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In Go, values can be many things. Just to name a few, values can be numbers (like `109`), or text wrapped in quotes (like `"Hello world"`). These values can be written into code as is, and are called literals. They are literally what they say they are.

We can perform arithmetic in Go with literals (or named values, covered in the next exercise) using the following operators:

• `+` to add
• `-` to subtract
• `*` to multiply
• `/` to divide
• `%` to take the remainder (the modulus operator) between two numbers.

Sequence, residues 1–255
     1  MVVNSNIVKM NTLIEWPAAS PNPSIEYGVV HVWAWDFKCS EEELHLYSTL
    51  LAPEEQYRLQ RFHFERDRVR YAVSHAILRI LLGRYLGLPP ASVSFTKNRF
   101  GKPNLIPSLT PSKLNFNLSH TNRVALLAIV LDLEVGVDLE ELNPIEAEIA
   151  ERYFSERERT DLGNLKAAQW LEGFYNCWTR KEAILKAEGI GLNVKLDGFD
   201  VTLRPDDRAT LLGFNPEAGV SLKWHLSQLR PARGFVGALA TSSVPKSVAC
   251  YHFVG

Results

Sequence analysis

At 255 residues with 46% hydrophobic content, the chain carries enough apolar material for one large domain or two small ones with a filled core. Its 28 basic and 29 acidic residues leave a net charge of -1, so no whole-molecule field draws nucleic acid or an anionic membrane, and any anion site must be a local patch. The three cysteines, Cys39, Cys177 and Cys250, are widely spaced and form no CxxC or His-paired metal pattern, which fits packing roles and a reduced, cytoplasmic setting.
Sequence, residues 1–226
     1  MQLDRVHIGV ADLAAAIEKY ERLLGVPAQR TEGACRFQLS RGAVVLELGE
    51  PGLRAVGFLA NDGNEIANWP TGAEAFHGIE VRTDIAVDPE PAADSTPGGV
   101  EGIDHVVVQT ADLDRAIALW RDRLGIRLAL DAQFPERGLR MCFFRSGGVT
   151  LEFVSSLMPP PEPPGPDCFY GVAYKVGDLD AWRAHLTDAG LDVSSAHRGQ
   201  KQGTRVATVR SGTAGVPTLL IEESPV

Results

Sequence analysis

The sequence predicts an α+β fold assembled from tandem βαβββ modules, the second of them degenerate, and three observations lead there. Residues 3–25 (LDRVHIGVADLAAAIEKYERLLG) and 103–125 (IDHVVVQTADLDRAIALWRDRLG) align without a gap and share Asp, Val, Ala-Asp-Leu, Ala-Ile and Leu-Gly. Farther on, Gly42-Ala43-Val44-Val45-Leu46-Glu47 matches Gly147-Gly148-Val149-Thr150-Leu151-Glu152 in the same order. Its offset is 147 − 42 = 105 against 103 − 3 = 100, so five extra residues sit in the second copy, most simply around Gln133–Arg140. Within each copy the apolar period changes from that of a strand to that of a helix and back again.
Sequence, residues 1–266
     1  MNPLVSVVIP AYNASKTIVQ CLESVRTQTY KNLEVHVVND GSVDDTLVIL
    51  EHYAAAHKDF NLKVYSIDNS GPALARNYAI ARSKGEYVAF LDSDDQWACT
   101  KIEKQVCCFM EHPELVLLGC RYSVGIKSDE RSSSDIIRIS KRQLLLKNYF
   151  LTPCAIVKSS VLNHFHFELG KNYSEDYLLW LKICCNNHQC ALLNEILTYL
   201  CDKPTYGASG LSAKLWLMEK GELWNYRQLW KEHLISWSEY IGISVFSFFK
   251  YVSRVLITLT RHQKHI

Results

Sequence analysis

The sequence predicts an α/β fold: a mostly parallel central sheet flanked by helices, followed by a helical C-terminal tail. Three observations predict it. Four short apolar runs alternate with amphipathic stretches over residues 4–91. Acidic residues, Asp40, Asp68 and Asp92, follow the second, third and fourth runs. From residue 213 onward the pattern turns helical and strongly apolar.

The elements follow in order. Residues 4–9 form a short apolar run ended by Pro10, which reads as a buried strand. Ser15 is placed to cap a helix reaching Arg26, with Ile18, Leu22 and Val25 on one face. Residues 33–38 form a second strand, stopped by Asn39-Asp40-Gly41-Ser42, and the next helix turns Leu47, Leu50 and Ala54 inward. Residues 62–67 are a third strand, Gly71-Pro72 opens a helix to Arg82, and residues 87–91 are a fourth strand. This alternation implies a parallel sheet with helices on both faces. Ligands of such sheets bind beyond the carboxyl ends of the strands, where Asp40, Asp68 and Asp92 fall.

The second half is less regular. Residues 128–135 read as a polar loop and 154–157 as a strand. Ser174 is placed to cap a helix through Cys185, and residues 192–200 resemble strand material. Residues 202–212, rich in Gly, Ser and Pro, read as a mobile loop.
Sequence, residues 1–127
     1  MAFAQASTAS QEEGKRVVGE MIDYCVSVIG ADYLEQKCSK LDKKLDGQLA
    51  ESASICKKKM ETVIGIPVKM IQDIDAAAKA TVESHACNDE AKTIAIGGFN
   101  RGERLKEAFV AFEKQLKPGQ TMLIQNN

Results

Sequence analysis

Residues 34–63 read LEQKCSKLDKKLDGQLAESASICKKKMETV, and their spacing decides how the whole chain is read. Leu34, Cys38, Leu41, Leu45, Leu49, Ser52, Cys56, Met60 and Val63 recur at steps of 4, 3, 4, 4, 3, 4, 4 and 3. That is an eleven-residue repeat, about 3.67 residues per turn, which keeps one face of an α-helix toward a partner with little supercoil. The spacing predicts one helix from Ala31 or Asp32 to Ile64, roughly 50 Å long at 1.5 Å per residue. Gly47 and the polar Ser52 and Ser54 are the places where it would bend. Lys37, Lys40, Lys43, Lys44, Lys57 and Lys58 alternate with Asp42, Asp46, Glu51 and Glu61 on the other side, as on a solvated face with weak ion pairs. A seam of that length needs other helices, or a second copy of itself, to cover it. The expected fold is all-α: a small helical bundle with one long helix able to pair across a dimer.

``````fmt.Println(20 * 3) // Prints: 60
fmt.Println(55.21 / 5) // Prints: 11.042
fmt.Println(9 % 2) // Prints: 1``````

Imagine the code above as appearing inside the `main` function body of a Go program. In this snippet, we used the Go programming language as a calculator. We printed out the product of multiplying `20` and `3` (`60`). We next printed out the quotient of dividing `55.21` by `5` (`11.042`). We lastly printed out the remainder left over after dividing `9` by `2` (`9` divided by `2` has a remainder of `1`).

### Instructions

1.

In main.go, add a line that prints out the result of `2235` multiplied by `1231`.